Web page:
4 Cloud Security Controls You Should Implement in 2017
Most, if not all, of your company's data is probably already in the cloud? But how secure is it? Follow these four tips to upgrade your cloud security protocols.
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Storing data in the cloud is a convenient and effortless way for companies to safeguard information without committing to an expensive on-premises data center. But how safe is that data, especially since you hear about sensitive information falling into the wrong hands every day? Learn to keep your data secure with the following four cloud security control guidelines.
Use All the Available Security Tools
As more and more data moves to the cloud, the risk that it may get breached increases as well. While many cloud services offer some security, under the shared responsibility model, companies bear a significant amount of responsibility in securing the data that they upload to the cloud.
Since not all cloud service providers offer the same level of security tools, find out what services your cloud host offers. For cloud storage services with security tools, use all the tools available to you. The responsibility for securing data lies with you; take advantage of any technology that offers a greater degree of protection for your data.
Use CASB Technology
One type of cloud security software continuously ensures visibility and compliance to reduce threats. Cloud access security brokers, or CASBs, consist of software designed to keep your data secure in the cloud. A CASB, by definition, monitors network traffic between a device, such as a laptop computer, and the cloud, and identifies unauthorized attempts at accessing private data. The CASB compares past user behavior to new events using machine learning, and alerts a security administrator when it detects a threat, and subsequently blocks the unauthorized access.
CASBs also provide visibility and user access controls. IT Departments typically underestimate employee use of unapproved cloud services by as much as 90%. The CASB visibility solution helps solve this by identifying all the cloud applications being used by an organization.
These services are then evaluated based on their security capabilities and vulnerabilities. This process would typically take an individual employee countless hours, but the CASB can accomplish it effortlessly and quickly. The cloud services are then sorted by their risk assessment ratings.
Products with extensive uses and security features are sanctioned, while vulnerable or dangerous ones are blacklisted. The CASB automatically sets access controls for these services, but the individual company is able to alter these protocols to its needs. Through its visibility, threat protection, and cloud governance capabilities, CASBs offer a single platform for securing your data in the cloud.
Control Cloud Access
Reducing risk means controlling access. Employers should limit access to sensitive information only to employees who must directly use the data to carry out their job duties. Grant temporary access to additional employees on an as-needed basis. Set up multi-layered protection so that if one safety measure fails, the other features will keep data protected. Many of today’s data breaches occur because of an insider threat, born out of negligence or malicious intent. As a result, internal security training for employees is just as important as your external defenses.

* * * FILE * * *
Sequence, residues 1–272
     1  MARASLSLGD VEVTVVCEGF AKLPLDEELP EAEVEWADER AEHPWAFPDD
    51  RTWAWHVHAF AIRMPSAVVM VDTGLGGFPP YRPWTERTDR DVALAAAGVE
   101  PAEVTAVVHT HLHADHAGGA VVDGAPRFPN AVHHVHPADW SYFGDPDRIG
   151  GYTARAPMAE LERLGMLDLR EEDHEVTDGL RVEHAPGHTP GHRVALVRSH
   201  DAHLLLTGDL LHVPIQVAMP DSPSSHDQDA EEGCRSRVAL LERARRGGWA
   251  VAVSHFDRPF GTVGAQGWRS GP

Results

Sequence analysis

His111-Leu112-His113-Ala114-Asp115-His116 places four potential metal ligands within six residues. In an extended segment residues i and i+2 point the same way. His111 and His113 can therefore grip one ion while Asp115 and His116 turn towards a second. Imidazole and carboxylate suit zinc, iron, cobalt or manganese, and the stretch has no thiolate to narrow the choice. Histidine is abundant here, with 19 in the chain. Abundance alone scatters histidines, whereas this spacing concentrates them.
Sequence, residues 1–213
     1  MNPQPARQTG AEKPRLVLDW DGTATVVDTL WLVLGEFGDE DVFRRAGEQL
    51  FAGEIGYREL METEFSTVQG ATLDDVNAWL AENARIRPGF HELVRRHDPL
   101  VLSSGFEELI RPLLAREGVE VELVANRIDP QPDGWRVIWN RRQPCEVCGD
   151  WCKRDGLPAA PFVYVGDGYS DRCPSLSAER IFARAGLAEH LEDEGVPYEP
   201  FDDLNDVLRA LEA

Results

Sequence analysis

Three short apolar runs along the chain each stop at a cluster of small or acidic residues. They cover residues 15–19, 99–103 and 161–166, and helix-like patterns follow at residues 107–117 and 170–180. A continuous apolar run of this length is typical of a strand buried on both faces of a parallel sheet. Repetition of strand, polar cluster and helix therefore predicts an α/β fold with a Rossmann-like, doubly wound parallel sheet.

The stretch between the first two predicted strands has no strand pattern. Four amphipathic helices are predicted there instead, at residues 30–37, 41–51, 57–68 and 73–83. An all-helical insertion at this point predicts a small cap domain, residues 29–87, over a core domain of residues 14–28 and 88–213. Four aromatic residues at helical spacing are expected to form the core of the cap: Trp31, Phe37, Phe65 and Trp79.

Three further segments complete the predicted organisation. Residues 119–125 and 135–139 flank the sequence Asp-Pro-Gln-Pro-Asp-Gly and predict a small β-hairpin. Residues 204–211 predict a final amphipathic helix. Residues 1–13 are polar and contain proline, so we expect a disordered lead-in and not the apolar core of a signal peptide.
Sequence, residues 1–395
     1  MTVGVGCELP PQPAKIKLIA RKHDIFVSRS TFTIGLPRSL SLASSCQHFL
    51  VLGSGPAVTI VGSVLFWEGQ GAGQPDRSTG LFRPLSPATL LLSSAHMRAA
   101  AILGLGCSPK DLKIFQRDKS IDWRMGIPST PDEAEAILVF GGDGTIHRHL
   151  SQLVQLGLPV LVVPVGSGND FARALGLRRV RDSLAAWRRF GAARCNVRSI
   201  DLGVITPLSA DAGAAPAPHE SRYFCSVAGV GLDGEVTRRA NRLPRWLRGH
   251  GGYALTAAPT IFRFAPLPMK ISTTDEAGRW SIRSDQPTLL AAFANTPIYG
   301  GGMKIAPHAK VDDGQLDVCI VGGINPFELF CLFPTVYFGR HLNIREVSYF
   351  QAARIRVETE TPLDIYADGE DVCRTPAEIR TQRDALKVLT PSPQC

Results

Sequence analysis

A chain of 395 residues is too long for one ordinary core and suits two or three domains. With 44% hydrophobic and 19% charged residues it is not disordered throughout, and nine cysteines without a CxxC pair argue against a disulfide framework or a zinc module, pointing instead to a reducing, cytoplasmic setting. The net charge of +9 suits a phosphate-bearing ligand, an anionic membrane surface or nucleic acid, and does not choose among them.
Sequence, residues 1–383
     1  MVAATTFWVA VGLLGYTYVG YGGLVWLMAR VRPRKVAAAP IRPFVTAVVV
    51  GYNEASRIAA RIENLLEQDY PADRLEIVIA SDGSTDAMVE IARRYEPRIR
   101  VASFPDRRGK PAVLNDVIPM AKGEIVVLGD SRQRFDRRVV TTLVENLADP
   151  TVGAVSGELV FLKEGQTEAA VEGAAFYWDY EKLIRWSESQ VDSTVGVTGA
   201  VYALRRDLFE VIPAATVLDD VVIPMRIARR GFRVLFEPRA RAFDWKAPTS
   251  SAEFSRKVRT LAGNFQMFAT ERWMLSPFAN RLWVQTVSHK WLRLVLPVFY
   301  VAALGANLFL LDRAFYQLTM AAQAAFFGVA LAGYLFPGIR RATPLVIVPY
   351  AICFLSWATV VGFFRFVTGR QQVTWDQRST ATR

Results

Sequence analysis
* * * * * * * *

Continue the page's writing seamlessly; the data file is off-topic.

Go beyond usernames and passwords. Many programs feature biometrics, such as fingerprint identification, to verify user access. A recent ThreatStack study revealed that 73 percent of organizations surveyed had no multifactor authentication for cloud access.
Be careful when choosing a cloud security provider. Many public cloud storage servers do not restrict outbound data traffic. Use a host with built-in safeguards and security tools. The well-known names in the business, such as Amazon, Microsoft, and Google, offer users an array of security services to protect data, but you must actually configure these tools to ensure data security.
Protect Your Data
Some cloud services offer encryption, but you should still use your own encryption techniques to make sure the decryption keys remain within the company. If all other security levels fail, encryption serves as the last measure of protection for your files.
Prioritizing security is the best step to keeping your data secure. Keep a comprehensive inventory of all network devices and software, and find programs to recover data if needed. If you can afford to do so, schedule regular assessments and penetration testing. Secure all hardware and software configurations on all devices including laptops, mobile devices, and servers. The more security you have in place, the less of a risk you'll face of having data falling into the wrong hands.
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